The story of American television’s recent past is one of upended traditions, a once cozy and complacent medium revolutionized by shattered taboos and antiheroes, serialization and binge-watching. But a lot of what’s fresh and inventive about the Peak TV era looks a little less so when you consider the precedents. Think it was gutsy of Game Of Thrones to bump off Ned Stark in episode nine? Then perhaps you haven’t seen how HBO’s very first hour-long drama ends its series premiere.
All of which is a rambling and pretentious preamble to protect the spoiler-phobic from being exposed to the full contents of this feature as they innocently scroll through their feeds. Consider yourself warned: Surprising developments in the first episodes of six scripted television programs are discussed in full below. But this is more than “Spoiler: The Inventory.” This is the tale of how a single creative choice can ripple across the surface of an entire art form, inspiring others, opening up previously unseen narrative avenues, and building into an entirely modern TV phenomenon that’s also one of the oldest TV stories there is: One show’s successful idea, imitated and altered ad infinitum.
1. Oz (1997)
While overseeing Homicide: Life On The Street, Tom Fontana began dreaming up a series that would explore the lives of those caught up in the criminal justice system long after they’d had their last court date. The result was the 1997 prison drama Oz, which was a tough sell for most networks. But that just emboldened Fontana and his collaborator Barry Levinson, and their early treatment for the show killed off the presumed entry-point character, Dino Ortolani (Jon Seda)—a plotline that carried over into the pilot episode. This was after the then-president of HBO, Chris Albrecht, famously asked Fontana what he’d always wanted to do in the pilot of a broadcast show that he wasn’t allowed to, and the latter replied “Kill the leading man.”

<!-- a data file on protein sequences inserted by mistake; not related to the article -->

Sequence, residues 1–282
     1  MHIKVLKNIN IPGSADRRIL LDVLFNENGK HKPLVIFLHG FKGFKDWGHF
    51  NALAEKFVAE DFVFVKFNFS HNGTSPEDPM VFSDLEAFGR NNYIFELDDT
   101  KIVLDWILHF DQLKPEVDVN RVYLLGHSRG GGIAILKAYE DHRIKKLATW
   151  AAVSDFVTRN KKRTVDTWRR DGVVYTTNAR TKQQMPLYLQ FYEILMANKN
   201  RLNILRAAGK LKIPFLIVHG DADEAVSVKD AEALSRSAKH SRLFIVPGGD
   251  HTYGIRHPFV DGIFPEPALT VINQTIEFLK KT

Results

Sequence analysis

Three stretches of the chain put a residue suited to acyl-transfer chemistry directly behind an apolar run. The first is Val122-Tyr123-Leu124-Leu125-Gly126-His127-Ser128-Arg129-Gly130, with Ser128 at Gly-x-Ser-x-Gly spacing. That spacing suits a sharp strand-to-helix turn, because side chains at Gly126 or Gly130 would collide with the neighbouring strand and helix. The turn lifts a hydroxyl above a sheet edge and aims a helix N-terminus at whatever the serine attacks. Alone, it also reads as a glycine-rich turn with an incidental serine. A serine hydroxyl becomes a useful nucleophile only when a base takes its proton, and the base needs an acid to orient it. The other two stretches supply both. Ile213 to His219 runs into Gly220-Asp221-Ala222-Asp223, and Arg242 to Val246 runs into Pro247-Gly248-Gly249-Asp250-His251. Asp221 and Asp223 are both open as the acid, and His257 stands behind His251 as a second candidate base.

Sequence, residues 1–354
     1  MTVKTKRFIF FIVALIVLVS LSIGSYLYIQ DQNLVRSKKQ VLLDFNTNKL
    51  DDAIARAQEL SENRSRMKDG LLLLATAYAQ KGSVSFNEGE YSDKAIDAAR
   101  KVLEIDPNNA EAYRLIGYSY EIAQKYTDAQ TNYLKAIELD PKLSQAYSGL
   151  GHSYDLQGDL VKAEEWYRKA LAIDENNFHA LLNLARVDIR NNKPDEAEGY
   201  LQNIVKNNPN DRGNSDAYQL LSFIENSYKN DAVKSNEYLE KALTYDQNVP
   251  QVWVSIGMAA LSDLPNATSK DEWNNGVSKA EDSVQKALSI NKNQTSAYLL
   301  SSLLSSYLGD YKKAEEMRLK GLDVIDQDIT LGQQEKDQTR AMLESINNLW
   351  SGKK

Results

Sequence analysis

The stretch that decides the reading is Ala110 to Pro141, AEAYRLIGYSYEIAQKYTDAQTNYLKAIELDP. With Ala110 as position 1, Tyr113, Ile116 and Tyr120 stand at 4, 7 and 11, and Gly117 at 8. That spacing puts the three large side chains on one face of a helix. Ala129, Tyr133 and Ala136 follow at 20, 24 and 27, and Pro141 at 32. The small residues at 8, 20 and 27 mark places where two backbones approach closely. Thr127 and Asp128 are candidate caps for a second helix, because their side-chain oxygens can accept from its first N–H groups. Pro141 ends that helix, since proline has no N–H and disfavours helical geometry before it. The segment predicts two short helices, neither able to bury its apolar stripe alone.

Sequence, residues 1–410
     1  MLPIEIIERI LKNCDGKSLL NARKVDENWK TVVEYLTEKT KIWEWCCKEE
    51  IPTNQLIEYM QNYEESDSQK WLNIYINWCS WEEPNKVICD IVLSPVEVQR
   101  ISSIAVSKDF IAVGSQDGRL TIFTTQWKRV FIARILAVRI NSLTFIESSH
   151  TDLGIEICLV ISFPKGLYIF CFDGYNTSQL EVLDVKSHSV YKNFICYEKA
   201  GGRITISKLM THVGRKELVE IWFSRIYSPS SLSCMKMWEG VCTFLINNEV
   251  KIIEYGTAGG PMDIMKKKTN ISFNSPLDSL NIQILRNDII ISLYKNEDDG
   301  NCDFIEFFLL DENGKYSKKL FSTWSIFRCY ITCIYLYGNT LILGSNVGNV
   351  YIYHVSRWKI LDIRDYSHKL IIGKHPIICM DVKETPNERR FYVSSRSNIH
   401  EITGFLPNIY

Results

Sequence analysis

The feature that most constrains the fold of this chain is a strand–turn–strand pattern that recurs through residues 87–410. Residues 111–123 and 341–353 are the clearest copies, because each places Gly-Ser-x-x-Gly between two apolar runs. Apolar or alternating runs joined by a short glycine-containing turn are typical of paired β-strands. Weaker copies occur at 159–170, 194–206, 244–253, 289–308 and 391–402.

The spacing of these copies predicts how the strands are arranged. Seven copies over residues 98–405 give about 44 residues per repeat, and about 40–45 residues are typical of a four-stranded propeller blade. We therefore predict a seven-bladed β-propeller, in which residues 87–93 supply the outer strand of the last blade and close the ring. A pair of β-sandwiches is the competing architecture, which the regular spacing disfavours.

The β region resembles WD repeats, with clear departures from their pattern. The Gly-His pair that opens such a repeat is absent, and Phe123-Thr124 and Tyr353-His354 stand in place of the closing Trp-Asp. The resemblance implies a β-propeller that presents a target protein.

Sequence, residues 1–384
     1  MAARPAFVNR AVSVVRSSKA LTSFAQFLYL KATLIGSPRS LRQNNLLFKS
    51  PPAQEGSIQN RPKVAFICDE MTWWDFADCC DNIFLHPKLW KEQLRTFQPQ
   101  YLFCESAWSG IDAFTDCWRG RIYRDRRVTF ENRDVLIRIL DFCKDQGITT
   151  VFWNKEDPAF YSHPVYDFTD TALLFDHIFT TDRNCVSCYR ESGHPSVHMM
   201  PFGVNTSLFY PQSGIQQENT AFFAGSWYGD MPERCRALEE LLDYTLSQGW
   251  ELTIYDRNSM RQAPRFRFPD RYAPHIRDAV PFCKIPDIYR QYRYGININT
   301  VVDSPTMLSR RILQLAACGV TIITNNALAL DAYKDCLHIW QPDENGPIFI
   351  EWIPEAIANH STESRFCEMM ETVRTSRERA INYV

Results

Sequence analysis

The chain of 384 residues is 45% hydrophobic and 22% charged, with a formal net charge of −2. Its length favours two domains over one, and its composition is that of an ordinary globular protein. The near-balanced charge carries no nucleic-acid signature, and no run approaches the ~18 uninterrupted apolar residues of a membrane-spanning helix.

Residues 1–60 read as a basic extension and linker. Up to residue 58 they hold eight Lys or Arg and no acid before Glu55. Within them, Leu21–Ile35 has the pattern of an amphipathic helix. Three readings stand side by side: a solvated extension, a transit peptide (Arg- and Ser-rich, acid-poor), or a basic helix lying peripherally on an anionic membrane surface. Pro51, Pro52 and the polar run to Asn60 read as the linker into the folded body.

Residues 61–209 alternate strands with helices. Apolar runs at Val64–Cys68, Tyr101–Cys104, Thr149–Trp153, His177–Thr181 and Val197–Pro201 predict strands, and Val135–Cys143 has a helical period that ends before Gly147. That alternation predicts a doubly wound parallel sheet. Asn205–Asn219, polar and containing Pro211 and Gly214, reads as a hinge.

When we met Dino in “The Routine,” he’s like a fish in water in Oswald State Correctional Facility—he has prison connections, a family waiting at home, and seems much better off than new inmate Tobias Beecher (Lee Tergesen). But by the end, he runs afoul of too many other factions in the unit known as Emerald City. It’s a classic case of misdirection; as Tobias’ chances for survival grow bleaker, we fail to notice that Dino is “on self-destruct.” That bold decision in the pilot was just one of several ways in which Oz helped develop the prestige-series formula. [Danette Chavez]
2. Six Feet Under (2001)
Death is an inextricable part of life, which is why nearly every episode of Alan Ball’s Six Feet Under begins with someone’s demise, untimely or otherwise. But the first death in the series is still a major shock, arriving as it does just three minutes into the pilot episode. Even if you’d already gleaned that the series revolved around the Fisher Family—Ruth (Frances Conroy), Nate (Peter Krause), David (Michael C. Hall), and Claire (Lauren Ambrose)—learning to run the family funeral business without their patriarch, you couldn’t be prepared for Nathaniel Sr.’s (Richard Jenkins) exit from this mortal coil, or his last words: “I’m quitting right now.” But this abbreviated introduction revealed a lot about Nathaniel: He had some good intentions (like giving up smoking, the subject of his loaded adieu), made a few empty promises, and perhaps most vitally to the show, had unresolved issues with his wife and children. Unlike Dino on Oz, Nathaniel Sr. wasn’t poised early on to be our guide through the series, but his presence lingers throughout the show’s five-season run. He, in a sense, haunts his family and the audience at home, just like the rest of the main characters Ball created for this profound and bittersweet HBO drama. [Danette Chavez]
3. The Shield (2002)